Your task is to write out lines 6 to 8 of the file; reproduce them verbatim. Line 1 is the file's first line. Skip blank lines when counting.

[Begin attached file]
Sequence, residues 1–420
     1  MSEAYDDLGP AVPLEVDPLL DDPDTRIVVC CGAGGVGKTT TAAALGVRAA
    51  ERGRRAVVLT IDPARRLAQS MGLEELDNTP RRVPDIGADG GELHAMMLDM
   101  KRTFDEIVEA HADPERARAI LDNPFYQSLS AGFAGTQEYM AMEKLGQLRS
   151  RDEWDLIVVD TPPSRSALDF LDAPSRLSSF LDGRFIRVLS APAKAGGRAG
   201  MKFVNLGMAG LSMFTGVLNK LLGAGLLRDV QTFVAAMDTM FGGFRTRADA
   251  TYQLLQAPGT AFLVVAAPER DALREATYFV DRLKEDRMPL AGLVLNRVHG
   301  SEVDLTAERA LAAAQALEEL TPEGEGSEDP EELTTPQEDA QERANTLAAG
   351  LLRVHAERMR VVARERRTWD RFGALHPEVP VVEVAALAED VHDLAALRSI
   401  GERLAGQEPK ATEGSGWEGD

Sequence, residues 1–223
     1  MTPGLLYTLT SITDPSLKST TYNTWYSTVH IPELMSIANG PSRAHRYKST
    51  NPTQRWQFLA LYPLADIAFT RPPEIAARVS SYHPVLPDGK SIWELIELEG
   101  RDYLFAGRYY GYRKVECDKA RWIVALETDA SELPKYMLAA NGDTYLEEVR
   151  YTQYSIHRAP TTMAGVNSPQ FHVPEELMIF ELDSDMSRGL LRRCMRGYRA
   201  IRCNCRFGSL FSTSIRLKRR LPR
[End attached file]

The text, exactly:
   201  MKFVNLGMAG LSMFTGVLNK LLGAGLLRDV QTFVAAMDTM FGGFRTRADA
   251  TYQLLQAPGT AFLVVAAPER DALREATYFV DRLKEDRMPL AGLVLNRVHG
   301  SEVDLTAERA LAAAQALEEL TPEGEGSEDP EELTTPQEDA QERANTLAAG